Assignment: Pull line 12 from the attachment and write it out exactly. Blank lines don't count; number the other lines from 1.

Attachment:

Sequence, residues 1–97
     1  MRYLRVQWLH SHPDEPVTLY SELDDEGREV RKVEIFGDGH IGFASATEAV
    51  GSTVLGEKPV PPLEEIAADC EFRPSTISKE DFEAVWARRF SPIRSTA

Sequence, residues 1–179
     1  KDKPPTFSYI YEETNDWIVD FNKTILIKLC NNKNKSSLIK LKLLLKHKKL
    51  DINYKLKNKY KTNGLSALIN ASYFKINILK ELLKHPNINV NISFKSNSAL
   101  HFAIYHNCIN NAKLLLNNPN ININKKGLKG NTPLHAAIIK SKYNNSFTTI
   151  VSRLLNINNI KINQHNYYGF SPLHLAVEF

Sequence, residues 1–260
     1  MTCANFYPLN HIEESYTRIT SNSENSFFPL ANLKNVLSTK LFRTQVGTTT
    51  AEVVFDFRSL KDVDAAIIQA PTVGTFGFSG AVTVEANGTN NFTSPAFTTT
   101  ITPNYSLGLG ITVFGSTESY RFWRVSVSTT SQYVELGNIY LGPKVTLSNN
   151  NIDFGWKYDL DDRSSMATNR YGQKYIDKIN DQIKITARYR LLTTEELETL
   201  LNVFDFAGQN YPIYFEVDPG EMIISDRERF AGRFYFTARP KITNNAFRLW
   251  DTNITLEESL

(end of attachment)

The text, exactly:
   101  ITPNYSLGLG ITVFGSTESY RFWRVSVSTT SQYVELGNIY LGPKVTLSNN